Taking a Proactive Approach To Customer Retention
By Mike O'Brien | March 24, 2015
We actively promote retention techniques for any brand looking to be successful. The fact that 80% of a company’s future revenue will come from just 20% of the existing customers is key. Brands need to take steps now to work towards keeping customers happy & loyal! -Sailthru
I’ve had a few issues with my mobile phone provider recently, so I called their Contact Centre the other day to try and get things sorted out. It was nothing big, but during the conversation I was feeling a bit exasperated with being left on hold and bounced around from person to person. So naturally, I did what most unhappy customers do; I threatened to leave.
In my mind, they wouldn’t react. And why would they? I’m one person, so what’s £40 a month to them? Nothing, surely?
Surprise, surprise; as soon as the words came out of my mouth, everything was different. I was bombarded with offers and promises of excellent customer service for the rest of my life if I stayed with them.
This got me thinking, brands are always so quick to react to the threat of losing customers, but how many can you say are proactive in their approach to retaining customers? I certainly can’t name many!
Customer Retention is the number of customer relationships a business is able to keep hold of on a long-term basis.
A lot of companies choose to approach Customer Retention by trying to get as many new customers in as possible to replace the ones they’ve lost, without doing anything to try and save their at-risk relationships.
This would be fine if it was just as easy to find new customers as it is to lose existing customers.
So instead of reacting to losing customers by swamping them with offers, discounts and promotions, brands need to take a much more proactive approach.
And here’s how you do it.
1. You need to keep your customers in the loop, in the easiest and most convenient way for them.
Communicating with customers can go such a long way to improving their overall Customer Experience. It doesn’t need to be anything big; try sending them a confirmation, reminder or an update on their order via SMS. That way, they’ll have all the information they need, before they have to chase you for it.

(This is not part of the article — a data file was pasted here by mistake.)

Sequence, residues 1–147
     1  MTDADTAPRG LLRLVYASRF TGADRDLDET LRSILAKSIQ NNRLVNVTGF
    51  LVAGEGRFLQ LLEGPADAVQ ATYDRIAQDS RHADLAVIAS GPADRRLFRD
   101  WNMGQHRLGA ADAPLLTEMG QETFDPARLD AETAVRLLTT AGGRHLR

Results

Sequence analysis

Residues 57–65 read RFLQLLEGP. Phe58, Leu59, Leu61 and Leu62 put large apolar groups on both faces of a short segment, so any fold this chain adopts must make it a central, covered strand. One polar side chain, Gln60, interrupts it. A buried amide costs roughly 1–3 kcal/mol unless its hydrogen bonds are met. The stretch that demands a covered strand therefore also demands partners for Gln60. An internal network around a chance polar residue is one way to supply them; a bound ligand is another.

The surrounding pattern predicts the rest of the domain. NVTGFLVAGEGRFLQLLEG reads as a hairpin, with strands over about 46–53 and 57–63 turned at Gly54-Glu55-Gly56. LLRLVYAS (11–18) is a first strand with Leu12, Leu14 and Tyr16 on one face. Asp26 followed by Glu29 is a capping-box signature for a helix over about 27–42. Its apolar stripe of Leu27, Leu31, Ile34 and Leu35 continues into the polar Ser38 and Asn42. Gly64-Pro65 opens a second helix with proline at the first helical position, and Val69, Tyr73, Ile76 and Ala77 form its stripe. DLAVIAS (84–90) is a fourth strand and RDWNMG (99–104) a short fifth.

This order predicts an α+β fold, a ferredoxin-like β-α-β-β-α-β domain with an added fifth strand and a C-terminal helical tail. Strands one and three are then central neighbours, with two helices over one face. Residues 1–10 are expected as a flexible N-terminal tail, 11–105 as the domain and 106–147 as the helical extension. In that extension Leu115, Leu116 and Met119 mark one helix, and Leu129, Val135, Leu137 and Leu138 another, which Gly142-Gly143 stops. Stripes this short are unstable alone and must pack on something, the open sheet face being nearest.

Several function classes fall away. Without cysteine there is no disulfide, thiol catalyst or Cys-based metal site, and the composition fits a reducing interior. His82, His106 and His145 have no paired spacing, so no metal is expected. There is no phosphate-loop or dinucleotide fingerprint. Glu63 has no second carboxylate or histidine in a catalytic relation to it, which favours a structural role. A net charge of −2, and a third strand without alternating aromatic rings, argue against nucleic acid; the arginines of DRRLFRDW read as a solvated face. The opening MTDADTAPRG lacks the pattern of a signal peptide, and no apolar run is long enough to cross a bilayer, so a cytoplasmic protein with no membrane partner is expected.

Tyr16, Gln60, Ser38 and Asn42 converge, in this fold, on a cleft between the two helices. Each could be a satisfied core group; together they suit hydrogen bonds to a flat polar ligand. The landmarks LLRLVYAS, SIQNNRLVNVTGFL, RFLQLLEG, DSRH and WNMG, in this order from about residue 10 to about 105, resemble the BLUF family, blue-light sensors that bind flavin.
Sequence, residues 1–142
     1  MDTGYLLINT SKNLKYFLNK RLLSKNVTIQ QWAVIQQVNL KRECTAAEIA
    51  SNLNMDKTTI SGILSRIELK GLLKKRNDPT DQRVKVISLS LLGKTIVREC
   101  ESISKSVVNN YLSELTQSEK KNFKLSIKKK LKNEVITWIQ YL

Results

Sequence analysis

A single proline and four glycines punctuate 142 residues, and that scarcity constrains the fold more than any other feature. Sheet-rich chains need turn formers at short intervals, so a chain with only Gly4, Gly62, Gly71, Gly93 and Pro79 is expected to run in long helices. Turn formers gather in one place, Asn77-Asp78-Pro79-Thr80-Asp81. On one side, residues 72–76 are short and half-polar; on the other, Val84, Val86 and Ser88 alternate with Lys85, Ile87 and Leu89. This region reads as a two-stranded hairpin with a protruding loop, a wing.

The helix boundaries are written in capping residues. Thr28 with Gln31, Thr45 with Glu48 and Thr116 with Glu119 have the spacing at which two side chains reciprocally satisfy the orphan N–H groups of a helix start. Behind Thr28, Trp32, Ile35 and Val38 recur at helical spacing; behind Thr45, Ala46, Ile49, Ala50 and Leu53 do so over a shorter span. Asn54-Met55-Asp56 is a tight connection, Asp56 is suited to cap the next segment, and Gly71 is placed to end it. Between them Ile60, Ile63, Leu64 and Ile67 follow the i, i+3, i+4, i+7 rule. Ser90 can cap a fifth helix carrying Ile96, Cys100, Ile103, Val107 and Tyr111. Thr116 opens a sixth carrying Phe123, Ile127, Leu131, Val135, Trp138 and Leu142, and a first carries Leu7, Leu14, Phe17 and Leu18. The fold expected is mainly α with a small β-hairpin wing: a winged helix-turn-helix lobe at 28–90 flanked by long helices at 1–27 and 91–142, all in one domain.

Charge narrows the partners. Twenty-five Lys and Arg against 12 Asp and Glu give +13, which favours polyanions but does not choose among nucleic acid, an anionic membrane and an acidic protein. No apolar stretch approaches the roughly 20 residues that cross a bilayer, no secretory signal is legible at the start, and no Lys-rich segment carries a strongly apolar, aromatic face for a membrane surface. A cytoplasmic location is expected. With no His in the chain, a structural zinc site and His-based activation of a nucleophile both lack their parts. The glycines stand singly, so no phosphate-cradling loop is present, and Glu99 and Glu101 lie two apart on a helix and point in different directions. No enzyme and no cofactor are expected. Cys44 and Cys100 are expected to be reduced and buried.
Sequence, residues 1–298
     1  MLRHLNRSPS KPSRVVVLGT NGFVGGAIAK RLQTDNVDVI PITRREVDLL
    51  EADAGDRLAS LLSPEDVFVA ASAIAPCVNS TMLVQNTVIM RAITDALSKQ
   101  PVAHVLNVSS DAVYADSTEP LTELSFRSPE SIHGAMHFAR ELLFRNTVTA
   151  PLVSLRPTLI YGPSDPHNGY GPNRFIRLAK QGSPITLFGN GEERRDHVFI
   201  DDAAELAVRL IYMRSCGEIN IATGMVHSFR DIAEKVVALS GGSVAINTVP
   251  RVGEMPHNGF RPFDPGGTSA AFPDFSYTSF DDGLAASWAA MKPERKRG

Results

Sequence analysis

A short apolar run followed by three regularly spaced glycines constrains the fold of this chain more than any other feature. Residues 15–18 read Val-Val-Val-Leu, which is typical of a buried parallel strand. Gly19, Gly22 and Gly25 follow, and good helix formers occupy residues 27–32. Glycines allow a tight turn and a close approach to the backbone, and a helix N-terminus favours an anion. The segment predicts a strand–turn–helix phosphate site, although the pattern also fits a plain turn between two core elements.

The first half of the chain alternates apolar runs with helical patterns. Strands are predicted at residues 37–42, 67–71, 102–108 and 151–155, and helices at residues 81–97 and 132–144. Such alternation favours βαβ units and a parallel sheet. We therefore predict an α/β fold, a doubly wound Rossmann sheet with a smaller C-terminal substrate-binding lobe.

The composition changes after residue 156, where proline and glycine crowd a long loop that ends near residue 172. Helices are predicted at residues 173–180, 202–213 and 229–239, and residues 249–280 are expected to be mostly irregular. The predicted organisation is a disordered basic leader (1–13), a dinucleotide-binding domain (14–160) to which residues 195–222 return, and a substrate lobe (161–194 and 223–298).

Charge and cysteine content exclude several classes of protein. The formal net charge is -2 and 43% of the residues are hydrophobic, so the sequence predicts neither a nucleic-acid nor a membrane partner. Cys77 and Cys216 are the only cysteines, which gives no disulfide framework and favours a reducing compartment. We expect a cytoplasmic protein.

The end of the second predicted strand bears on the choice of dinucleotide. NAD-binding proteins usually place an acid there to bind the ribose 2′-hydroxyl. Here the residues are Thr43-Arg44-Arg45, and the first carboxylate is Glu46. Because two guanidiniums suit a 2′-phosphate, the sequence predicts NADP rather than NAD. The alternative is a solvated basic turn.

Not only does this drastically improve their Customer Experience, but it also frees up resource in your Contact Centre, where handling low value queries is so common, as well as reducing Customer Effort.
And what does an effortless Customer Experience result in? Happy, loyal customers! Win.
2. Avoid customer defection by capturing customer feedback in real-time, immediately after service delivery.
Do you know why your most unhappy customers choose to leave you? Well you never will if you don’t ask! Imagine if they all left because they didn’t like the way your customer service advisors spoke to them. Wouldn’t you want to know so you could take a proactive approach to sorting out the problem? It’s not always going to be that straightforward, but if your customers tell you there’s a problem in an area of your business, then it’s good to have that knowledge.
The best way of finding out why your customers are leaving is to ask them what they thought of their experience, straight after their interaction with you – not 2 weeks later.
I can’t remember how I felt this time two days ago, so there’s no chance that I’d be able to give accurate feedback on an experience I had that amount of time ago. So ask for customer feedback in the moment, in your customers’ own words. That way they’ll be much more likely to tell you exactly how they feel about your brand and services.
From there, you can sort your happy customers from your unhappy customers, giving you the opportunity to save at-risk relationships and improve your overall Customer Retention.
3. Don’t just ask your customers for feedback, act on it!
There’s nothing worse than feeling like you’re not being listened to, so once you’ve asked your customers for feedback, make sure you acknowledge their response and do something about it! What better way to make your customers feel valued than by taking on board what they’ve said and improving your business processes because of it.
This article was written by Nigel Shanahan from Business2Community and was legally licensed through the NewsCred publisher network.
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